Some people eat, sleep and chew gum, I do genealogy and write...

Thursday, January 21, 2021

Don't Get Obsessed with One Ancestor!


The reality is that you have thousands upon thousands of ancestors and millions of relatives. Too often, I am approached for help in finding one ancestor's parents. Also too often, I hear the same story about the years spent in researching that one person. I am also guilty of spending an inordinate amount of time researching one ancestral line and focusing on one ancestor. But during the past few years, I have learned that finding that elusive "brick wall" ancestor is often an unrealistic goal. Let me give an example of what I mean. 

Let's call my ancestor "Mr. X." he was born in the late 1600s but we do not know where he was born. We also do not have either a birth or death date or even a marriage date. We have only the given name of his wife and we do not know where she was born either. We do know his name. On its face, we do not know enough to find this person even if records existed that might help us find him. By the way, he has a common name shared by multiple men living in the same community and during the same time period.

You might think this example extreme but this is essentially what I frequently hear from those seeking my help and in fact, they usually do not know the name of the elusive parent. 

What else do I find when I begin to help these people? Almost always, there are family members who are known, such as children, for whom no research has been done. I saw one example about a week ago, where the parents were uncertain but the known end-of-line couple had about ten children listed and only two of them showed any sources supporting their identity in the family. 

The is family history, not an individual biography effort. We search for families as units. If you move on to another generation back in any family line before you have researched every member of the family, you are building on sand and not even wet sand. 

Here is what I suggest. Take a step back. Look at your research goals realistically. Start with an inventory of your known family lines. Make sure each generation is substantially supported by valid, believable sources from credible records. Make sure every family member is identified and substantiated. You might end up discovering that were never related to the elusive ancestor after all but even if you are related, you might find that it is more productive to focus on a different family line. You may even start to do some descendancy research.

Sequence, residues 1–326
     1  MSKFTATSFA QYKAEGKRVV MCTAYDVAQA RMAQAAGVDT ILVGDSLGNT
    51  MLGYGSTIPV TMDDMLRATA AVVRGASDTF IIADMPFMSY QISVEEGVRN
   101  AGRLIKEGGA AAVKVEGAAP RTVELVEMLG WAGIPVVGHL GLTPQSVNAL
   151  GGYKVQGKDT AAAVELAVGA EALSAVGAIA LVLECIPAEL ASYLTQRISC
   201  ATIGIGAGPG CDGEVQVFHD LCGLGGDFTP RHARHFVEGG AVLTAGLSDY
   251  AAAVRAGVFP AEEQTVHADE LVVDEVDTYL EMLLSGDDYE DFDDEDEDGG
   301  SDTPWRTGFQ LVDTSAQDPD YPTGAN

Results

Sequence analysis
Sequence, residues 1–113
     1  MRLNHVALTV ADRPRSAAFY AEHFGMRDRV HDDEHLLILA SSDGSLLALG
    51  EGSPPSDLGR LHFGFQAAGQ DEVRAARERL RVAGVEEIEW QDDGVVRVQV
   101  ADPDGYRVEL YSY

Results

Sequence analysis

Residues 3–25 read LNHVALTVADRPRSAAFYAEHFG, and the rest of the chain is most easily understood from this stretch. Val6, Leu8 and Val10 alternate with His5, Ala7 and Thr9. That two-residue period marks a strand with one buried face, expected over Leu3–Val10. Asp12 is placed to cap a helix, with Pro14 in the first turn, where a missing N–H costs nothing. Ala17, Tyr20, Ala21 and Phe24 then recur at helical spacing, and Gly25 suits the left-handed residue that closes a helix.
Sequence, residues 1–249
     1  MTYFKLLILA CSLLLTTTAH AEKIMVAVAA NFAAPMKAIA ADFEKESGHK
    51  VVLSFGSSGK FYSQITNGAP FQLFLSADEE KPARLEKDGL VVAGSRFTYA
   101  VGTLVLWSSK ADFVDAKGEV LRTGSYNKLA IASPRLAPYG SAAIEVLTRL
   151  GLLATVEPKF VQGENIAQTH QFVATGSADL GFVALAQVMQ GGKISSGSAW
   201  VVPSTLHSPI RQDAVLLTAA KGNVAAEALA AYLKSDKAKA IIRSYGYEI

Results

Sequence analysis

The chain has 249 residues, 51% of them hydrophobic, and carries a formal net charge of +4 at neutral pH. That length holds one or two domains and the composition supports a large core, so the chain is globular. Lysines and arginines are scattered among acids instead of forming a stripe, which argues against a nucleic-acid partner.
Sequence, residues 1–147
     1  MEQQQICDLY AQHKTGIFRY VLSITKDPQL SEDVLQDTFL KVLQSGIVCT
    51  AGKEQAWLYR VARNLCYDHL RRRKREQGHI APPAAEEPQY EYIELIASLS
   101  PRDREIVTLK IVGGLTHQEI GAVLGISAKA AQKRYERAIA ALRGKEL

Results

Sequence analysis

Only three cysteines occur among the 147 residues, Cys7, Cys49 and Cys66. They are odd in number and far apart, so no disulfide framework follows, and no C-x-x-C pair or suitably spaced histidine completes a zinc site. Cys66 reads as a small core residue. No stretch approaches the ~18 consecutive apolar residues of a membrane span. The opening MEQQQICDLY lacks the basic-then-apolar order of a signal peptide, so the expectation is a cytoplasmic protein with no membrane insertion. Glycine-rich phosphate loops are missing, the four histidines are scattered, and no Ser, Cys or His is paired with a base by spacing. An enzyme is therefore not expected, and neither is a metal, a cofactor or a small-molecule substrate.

I spent about 15 years or more looking for the birthplace of one great-great-grandfather and finally found the location only to further discover that there were no available records and if there are, I would have to travel to another country to try to find the records. Genealogy is not a competitive sport. We do not get ribbons or trophies for finding the elusive ancestor but we do have a better chance of finding him or her if we spend the time to fill in all the blanks before we tackle the difficult elusive ancestor. 


  1. I agree with your main point to use research time wisely. However, I came to genealogy with deep ancestral roots on all lines to early members of The Church of Jesus Christ of Latter-day Saints. Thus, a lot of the low-hanging fruit has already been plucked by distant cousins.

    I have been a professional genealogist for almost three decades. Thus, I feel I owe it to my End-of-Line ancestors to make at least some effort to determine if their walls can be broken. And I have had some success at that. I fear going to the Spirit World and meeting them and having them say, "now, you were a PROFESSIONAL genealogist and despite that you made no effort to find me??" I know it sounds somewhat elitist, but I do feel that I may be capable of making genealogically sound conclusions extending end-of-line pedigrees that others may not be able to. So, I would rather leave the generally easier descendancy research to my cousins, except in cases where it could be a useful tool in the brick wall research.

    1. Good points. I agree that some of the genealogists can and should do more but the point here was to avoid spending all your time on one person when there are others that might benefit from your attention.